The present invention solves the foregoing problem by the provision of asymmetric session keys. Thus, in the telecommunication link encryptor/decryptor of the present invention, a means for storing a session encryptor key and a means for storing a session decryptor key are provided at both ends of a telecommunications link, for example at a terminal and host. The session encryptor key utilized by the terminal differs from the session encryptor key used by the host. In this manner, a breach of security with respect to the terminal session encryptor key will not breach security with respect to the host session encryptor key.

In accordance with another important aspect of the present invention, the terminal and host operate in a master/slave relationship with respect to the generation of session keys. Thus, in accordance with the method of the present invention, upon receipt by the host of the session encryptor key being utilized by the terminal (which session encryptor key is encrypted under the master key), the host automatically generates a host session encryptor key which differs from that utilized by the terminal. This automatically generated session encryptor key is then encrypted under the master key and transmitted to the terminal for use as the terminal's session decryptor key.

BRIEF DESCRIPTION OF THE DRAWINGS

The present invention will be more fully understood by reference to the accompanying drawings, in which:

FIG. 1 is a block diagram illustrating the data communication network employing telecommunication link encryptor/decryptors of the present invention;

FIG. 2 is a more detailed block diagram of one such telecommunication link encryptor/decryptor;

FIG.3 is a block diagram of a session encryptor key generator useful in connection with the link encryptor/decryptor of FIG. 2;

FIG. 4 is a block diagram of the cipher means utilized in connection with the link encryptor/decryptor shown in FIG. 2 operating in a cipher mode; and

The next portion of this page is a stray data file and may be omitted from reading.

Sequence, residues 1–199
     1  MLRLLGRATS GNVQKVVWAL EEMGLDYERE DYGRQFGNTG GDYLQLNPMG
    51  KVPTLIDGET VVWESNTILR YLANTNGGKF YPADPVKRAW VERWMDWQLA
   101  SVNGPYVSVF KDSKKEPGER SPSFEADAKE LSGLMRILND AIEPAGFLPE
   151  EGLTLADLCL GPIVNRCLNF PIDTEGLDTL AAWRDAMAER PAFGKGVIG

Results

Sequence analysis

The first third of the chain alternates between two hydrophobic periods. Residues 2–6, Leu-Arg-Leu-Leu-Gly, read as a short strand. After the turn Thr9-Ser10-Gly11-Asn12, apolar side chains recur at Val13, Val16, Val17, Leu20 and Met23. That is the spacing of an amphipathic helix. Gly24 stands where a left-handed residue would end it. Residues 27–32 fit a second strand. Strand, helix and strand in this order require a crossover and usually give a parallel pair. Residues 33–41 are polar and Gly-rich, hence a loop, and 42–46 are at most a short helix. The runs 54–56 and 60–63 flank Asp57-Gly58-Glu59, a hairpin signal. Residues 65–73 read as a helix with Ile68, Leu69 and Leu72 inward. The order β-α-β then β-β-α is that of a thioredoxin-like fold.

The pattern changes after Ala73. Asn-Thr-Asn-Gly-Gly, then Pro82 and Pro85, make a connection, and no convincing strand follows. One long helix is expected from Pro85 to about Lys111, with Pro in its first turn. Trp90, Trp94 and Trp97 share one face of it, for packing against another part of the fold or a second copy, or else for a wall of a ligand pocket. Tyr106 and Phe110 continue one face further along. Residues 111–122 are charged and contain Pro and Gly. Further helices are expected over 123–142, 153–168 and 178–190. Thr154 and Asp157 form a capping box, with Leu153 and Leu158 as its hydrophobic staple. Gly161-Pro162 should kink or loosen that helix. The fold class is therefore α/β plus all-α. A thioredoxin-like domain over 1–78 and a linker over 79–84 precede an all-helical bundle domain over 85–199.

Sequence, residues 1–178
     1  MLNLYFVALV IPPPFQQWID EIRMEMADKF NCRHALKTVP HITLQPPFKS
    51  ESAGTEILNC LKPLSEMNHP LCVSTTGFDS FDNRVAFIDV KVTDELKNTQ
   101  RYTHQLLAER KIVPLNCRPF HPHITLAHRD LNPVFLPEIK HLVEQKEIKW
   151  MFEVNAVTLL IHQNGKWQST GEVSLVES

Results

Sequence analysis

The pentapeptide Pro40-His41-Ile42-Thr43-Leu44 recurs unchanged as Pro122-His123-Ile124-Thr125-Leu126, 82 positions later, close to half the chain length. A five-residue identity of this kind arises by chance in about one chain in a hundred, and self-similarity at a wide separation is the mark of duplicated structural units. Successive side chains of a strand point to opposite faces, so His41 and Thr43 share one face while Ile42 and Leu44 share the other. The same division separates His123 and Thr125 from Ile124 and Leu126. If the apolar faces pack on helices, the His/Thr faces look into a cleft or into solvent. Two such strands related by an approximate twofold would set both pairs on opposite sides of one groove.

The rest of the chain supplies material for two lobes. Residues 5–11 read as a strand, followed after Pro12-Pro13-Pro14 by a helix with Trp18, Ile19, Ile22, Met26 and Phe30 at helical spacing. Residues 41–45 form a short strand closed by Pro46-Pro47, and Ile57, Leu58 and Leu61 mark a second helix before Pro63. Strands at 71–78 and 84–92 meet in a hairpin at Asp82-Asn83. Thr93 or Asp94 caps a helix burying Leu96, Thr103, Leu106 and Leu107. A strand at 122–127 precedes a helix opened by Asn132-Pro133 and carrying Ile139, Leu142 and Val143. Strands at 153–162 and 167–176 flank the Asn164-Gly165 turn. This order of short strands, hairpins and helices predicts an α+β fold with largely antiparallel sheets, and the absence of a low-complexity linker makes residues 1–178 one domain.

FIG. 5 is a block diagram of cipher means useful in connection with the link encryptor/decryptor of FIG. 2 operating in a decipher mode.

DETAILED DESCRIPTION OF THE PREFERRED EMBODIMENT

Referring first to FIG. 1, a telecommunications network is shown generally at 10. The telecommunications network generally includes a host computer shown at 12. The host computer is interconnected by means of a telecommunications link 14 to a remote facility at which is located either a data terminal shown generally at 16 or alternatively another computer (not shown). The data terminal 16 may include a printer and a keyboard and is utilized to input data to the host computer 12 across the telecommunications link 14 or to output data from the host which has been transmitted across the link 14. Where the telecommunication link 14 employs standard telephone lines, the terminal 16 may include, an interface with those lines, such as an acoustic coupler shown at 18. The interface between the telecommunications link 14 and the host computer 12 is generally provided by means of a PBX and modem shown generally at 20.

Cryptographic security is provided in accordance with the present invention, by the provision of telecommunication link encryptor/decryptors located at each extreme of the telecommunications link 14, for the embodiment shown in FIG. 1. A first telecommunication link encryptor/decryptor 22 is connected between the terminal 16 and the telecommunication link 14. Moreover, a second telecommunication link encryptor/decryptor 24 is connected at the opposite extreme of the link 14 between the link and the host computer 12.

The telecommunication link encryptor/decryptors 22, 24 provide the benefit of two-tiered cryptographic security but, in accordance with the present invention provide the additional security of asymmetric session keys as will be described below in connection with FIG. 2.